According to the Washington Post, the Pentagon has recently received a report that states that over 2 dozen US weapon systems plans and specifications have been stolen via digital attacks on defense contractor and subcontractor systems. The list of possibly compromised systems include several key military assets such as the FA-18 fighter, the F-35 Joint Strike Fighter, the Black Hawk helicopter and the Patriot Missile. Officially, the Pentagon has downplayed the report, stating that they have no reason to believe the strength or integrity of the military compromised in any way, but Department of Defense officials have said, off record, that there is growing concern that the Pentagon and our government at large are increasingly falling behind in their ability to defend our digital borders from future cyber attacks.
What this means for you:
Regardless of your political leaning, there are few Americans who believe that our government runs a tight ship, and anyone who’s had any dealings with the Federal government knows that for the most part, they are woefully behind in just about every aspect of technology. Poor operational standards and old technology is a recipe for security disaster on a large scale for any business, and the Department of Defense is about as big a business as you can get.
Just like the problem life insurance salespeople face (no one wants to face the fact of dying), many businesses still have not come to grips with the fact that they will have (or already have had) a security breach. Many defense contractors who have lived in the bubble of American military superiority for so long have developed a complacency that is leading to poor decisions and lack of preparation until it is too late. The Chinese military is hungry to tip the scales, and it seems that they have the digital advantage.
Surely your business is more nimble than the Department of Defense. Have you grown complacent and ignored your technology’s security? Wouldn’t you rather do some work ahead of a security breach rather than scrambling to repair the damage?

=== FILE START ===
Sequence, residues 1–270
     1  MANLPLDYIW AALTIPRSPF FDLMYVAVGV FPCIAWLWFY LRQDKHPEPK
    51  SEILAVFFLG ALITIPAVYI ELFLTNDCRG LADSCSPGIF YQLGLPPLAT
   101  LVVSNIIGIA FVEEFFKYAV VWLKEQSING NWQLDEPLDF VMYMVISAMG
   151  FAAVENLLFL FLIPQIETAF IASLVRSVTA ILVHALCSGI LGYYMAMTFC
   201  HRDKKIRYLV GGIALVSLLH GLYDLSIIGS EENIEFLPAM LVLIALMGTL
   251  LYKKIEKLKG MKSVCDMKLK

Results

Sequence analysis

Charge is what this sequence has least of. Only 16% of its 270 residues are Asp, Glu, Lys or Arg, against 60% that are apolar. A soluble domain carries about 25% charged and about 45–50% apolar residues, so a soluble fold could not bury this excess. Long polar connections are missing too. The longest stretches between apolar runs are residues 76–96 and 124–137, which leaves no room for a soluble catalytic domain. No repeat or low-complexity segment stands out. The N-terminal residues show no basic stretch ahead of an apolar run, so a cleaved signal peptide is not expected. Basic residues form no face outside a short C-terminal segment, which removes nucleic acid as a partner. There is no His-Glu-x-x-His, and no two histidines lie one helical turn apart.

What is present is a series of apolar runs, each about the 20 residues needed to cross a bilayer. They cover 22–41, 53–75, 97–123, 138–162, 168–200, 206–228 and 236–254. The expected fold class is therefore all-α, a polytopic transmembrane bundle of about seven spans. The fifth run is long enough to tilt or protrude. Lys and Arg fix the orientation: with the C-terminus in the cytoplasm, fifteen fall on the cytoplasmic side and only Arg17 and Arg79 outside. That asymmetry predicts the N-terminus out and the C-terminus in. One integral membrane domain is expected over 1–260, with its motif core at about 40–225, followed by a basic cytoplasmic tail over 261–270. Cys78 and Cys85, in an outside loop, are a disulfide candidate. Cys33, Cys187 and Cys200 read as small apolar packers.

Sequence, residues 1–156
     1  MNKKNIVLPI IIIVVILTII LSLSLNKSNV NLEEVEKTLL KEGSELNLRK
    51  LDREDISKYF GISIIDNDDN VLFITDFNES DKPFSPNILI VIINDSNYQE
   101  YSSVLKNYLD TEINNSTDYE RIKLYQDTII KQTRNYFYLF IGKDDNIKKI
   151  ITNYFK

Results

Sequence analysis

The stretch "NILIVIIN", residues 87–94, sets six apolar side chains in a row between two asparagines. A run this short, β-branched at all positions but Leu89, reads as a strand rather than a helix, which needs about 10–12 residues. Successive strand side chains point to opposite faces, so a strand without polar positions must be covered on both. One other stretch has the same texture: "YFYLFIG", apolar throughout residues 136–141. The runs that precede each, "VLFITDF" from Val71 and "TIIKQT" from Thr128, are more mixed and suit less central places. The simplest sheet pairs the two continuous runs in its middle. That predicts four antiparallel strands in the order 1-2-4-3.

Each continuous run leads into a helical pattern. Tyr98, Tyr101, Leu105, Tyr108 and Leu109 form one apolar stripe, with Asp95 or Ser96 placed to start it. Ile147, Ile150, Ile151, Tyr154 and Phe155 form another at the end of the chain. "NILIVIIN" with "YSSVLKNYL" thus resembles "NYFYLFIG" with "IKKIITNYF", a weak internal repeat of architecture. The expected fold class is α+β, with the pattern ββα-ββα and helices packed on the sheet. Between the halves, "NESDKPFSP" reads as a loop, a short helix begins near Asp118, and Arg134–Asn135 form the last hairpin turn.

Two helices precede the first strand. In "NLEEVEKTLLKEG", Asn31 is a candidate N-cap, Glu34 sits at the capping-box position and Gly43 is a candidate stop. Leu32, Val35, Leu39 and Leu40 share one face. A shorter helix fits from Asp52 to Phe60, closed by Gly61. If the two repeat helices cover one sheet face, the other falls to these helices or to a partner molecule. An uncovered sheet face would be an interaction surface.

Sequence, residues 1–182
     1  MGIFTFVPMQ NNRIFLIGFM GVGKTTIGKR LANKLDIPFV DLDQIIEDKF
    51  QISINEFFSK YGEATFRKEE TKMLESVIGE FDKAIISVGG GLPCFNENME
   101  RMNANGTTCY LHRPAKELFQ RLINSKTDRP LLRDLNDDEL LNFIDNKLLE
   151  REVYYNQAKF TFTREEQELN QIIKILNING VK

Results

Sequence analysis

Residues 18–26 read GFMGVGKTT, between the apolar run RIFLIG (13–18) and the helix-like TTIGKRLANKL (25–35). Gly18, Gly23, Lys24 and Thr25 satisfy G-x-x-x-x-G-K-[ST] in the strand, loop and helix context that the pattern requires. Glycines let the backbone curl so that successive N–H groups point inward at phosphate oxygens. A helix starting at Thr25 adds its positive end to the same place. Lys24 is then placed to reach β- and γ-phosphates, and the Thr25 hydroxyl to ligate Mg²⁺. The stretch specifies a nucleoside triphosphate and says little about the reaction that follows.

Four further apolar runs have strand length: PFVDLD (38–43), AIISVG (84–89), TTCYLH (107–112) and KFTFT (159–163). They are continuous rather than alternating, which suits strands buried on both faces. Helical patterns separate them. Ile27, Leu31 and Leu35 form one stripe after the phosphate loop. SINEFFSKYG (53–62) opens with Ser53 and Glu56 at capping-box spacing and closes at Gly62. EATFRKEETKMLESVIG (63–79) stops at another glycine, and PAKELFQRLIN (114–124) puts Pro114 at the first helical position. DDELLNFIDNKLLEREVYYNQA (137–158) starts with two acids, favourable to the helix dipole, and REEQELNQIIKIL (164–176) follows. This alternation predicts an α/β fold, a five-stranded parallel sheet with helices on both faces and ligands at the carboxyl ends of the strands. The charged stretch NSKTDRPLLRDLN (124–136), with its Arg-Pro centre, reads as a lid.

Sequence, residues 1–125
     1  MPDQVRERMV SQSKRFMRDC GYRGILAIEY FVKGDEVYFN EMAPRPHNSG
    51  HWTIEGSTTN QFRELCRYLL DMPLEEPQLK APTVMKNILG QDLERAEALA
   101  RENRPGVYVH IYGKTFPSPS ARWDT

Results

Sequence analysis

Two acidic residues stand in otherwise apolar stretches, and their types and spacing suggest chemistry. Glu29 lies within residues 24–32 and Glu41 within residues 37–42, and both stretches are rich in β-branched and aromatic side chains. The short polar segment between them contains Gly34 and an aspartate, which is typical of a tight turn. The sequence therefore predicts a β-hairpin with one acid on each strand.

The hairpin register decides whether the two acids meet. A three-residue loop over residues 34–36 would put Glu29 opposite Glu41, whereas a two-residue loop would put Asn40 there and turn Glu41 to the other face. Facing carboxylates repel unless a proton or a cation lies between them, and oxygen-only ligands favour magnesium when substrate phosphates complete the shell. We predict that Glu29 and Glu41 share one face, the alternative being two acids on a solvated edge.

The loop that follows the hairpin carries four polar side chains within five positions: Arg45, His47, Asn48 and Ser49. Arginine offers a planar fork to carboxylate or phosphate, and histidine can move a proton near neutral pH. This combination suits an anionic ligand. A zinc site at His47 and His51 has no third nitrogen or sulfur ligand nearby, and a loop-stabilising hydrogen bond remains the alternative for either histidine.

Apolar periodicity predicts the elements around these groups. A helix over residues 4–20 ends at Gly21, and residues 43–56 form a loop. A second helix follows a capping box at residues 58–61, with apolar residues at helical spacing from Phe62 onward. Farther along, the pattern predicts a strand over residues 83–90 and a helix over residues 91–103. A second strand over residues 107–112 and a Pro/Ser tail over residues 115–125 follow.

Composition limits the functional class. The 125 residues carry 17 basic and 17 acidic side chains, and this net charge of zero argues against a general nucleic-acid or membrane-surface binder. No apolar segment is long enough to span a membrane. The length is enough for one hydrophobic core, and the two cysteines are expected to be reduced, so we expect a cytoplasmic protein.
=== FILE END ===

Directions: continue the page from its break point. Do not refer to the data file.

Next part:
In what many analysts are seeing as another setback for beleaguered BlackBerry, the US Department of Defense has now announced that it will start allowing the use of iPhones and Android devices in a space that was once the domain of BlackBerry devices. In the early days of mobile email delivery, BlackBerry devices were designed for enterprise-controlled security, where as the other email-capable devices still relied on immature internet standards, or like Apple’s early iPhones, completely eschewed corporate control. Because of this, BlackBerry became the defacto standard for any business that valued security over style, including pretty much every government agency around the world.
What this means for you:
Don’t count BlackBerry out just yet, but the count is getting shorter and shorter, and at some point the referree might need to stop the fight. The Pentagon isn’t getting rid of BlackBerries (that would be a haymaker they won’t get up from), but they are now opening up the space for departments to use solutions from other vendors (namely Apple and Android). This is a signal to the rest of the world that might have been sceptical of iOS or Android’s security status that if the world’s most powerful military is willing to consider using iPhones and Androids, maybe those platforms have finally caught (and passed) BlackBerry on the security front.